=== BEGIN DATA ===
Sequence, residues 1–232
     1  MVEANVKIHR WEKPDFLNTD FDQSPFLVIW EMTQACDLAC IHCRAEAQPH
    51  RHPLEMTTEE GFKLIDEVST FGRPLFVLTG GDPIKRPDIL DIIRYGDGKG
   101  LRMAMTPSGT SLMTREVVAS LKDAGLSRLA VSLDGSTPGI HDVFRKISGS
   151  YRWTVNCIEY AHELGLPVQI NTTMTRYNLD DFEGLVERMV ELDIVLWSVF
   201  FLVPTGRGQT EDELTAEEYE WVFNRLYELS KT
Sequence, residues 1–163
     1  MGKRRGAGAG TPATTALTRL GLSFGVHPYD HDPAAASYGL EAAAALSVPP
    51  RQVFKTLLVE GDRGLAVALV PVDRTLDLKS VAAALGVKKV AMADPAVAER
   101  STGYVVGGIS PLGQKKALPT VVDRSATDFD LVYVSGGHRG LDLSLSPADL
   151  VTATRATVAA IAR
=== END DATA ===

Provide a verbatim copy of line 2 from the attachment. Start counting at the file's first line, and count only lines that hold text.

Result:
     1  MVEANVKIHR WEKPDFLNTD FDQSPFLVIW EMTQACDLAC IHCRAEAQPH